One of the longest-running and most intriguing careers in popular music has been that of singer/songwriter Sonny Curtis, who is still active after more than a half-century in the business. Along the way, the Texas native has had connections with everyone from Buddy Holly to Mary Tyler Moore.
Like Holly, Curtis grew up in the Lubbock area and even performed with Buddy on local radio while both were still in their teens. (He also played alongside — and was idolized by — a young DJ and part-time entertainer named Waylon Jennings, who would go on to have a legendary career of his own.)
Curtis ended up joining Holly’s early group, the Three Tunes, and also made a few early records with them. He later went his own way but always remained on friendly terms with Holly, and many years later would write and record a song titled “The Real Buddy Holly Story.” It was his answer to what he felt were inaccuracies in the popular 1978 movie starring Gary Busey.
After Holly’s death in 1959, Curtis would occasionally perform with the Crickets, and through the years would also make appearances with stars like Slim Whitman, the Everly Brothers, and others. He also managed to find the time to make some records of his own, including “Wrong Again,” “My Way Of Life,” and “I Fought The Law,” which would later become a bigger hit for the Bobby Fuller Four and others.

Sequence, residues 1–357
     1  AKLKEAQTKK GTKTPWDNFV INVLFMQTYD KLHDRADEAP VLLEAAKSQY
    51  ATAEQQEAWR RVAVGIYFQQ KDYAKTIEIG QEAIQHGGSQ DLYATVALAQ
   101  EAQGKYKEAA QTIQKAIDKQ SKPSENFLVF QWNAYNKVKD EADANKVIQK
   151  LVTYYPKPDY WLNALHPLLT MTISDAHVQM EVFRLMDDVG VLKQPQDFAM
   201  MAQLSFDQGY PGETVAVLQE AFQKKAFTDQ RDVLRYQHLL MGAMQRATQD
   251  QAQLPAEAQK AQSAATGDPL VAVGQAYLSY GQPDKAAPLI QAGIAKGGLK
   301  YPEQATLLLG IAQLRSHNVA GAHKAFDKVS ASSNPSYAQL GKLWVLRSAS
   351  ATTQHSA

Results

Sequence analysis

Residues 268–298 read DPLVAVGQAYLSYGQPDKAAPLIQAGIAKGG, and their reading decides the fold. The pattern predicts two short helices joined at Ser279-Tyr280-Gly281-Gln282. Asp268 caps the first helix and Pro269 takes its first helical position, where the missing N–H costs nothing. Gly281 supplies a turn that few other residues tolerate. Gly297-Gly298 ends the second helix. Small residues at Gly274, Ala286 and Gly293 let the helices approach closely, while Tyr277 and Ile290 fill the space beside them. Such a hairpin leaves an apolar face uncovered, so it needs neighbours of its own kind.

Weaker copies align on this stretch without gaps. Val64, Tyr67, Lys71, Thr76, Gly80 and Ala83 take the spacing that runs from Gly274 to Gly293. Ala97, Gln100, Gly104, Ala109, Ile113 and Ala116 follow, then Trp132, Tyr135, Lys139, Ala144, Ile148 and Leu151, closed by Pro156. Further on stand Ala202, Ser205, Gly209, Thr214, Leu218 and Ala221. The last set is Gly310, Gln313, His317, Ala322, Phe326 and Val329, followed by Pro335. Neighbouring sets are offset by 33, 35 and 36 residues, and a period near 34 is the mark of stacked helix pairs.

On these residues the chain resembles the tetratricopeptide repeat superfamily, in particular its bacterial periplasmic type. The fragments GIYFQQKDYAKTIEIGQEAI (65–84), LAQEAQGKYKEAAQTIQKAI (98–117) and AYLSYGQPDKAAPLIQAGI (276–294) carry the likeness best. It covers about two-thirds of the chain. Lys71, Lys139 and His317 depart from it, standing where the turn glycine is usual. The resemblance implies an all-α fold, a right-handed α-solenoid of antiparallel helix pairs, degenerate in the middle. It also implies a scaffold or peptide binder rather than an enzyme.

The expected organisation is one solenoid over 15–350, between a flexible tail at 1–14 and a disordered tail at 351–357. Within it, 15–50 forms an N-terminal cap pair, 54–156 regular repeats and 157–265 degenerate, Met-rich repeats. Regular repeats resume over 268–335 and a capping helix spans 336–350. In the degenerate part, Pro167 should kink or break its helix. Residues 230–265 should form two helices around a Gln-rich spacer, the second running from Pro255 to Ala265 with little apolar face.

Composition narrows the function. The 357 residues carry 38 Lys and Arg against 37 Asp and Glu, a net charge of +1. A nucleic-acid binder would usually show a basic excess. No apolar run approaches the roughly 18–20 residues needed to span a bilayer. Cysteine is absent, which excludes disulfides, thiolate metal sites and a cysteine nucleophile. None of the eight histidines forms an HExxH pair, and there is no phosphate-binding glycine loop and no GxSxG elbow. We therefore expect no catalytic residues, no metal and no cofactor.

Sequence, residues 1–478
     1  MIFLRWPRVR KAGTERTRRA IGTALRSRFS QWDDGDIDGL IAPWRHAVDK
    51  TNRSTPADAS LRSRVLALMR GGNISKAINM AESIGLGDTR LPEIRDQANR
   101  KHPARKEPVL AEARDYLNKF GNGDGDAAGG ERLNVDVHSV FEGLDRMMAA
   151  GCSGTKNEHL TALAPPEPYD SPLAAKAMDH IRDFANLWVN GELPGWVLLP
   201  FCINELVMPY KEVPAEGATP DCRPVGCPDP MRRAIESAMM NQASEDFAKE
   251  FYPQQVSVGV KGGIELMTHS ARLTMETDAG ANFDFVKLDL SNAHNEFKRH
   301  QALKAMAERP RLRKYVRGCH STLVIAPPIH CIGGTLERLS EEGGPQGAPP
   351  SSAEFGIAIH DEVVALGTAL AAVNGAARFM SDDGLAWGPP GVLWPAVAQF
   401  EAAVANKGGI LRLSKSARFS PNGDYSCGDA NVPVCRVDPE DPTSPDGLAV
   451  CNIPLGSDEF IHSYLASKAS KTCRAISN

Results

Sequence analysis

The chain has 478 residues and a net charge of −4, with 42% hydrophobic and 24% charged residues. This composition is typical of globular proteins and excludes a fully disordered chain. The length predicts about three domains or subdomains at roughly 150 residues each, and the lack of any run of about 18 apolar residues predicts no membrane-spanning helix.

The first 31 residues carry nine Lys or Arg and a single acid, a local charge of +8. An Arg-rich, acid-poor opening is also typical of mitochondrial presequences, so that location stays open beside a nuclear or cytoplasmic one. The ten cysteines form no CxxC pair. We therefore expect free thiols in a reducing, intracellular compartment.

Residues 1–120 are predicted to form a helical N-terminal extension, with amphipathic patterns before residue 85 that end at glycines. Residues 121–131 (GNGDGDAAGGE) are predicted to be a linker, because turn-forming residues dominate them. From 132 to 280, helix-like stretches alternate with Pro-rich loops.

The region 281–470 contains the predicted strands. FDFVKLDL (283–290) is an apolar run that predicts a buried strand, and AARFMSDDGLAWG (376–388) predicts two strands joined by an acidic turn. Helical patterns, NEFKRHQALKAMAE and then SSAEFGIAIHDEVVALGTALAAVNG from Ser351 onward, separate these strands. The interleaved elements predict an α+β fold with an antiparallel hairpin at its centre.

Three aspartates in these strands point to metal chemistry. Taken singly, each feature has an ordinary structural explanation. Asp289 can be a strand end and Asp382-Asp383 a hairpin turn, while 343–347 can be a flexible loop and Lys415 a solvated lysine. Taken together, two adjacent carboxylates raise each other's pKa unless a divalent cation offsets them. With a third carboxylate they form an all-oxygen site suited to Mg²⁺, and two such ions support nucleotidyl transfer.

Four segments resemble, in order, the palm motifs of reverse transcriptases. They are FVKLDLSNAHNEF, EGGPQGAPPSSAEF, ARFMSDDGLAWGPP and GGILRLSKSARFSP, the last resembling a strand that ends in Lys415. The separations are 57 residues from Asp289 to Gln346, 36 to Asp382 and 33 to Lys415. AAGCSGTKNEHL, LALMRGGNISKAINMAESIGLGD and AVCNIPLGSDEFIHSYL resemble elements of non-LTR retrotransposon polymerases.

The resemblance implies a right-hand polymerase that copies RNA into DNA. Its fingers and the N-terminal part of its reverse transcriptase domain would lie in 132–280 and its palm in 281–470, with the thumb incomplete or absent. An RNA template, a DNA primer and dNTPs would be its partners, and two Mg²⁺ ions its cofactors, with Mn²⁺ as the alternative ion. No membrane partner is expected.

But it was his 1991 induction into the Songwriters Hall of Fame that indicates his lasting legacy. Among his hundreds of published songs are pieces like “Walk Right Back,” which was a big hit for the Everlys, and “A Fool Never Learns,” recorded by Andy Williams. But to many his most familiar tune might be his iconic theme for the Mary Tyler Moore Show, “Love Is All Around.” That song, along with other genre-crossing pieces, illustrates the diversity of this musical talent, who is still occasionally performing his music — sometimes along with the reconstituted Crickets.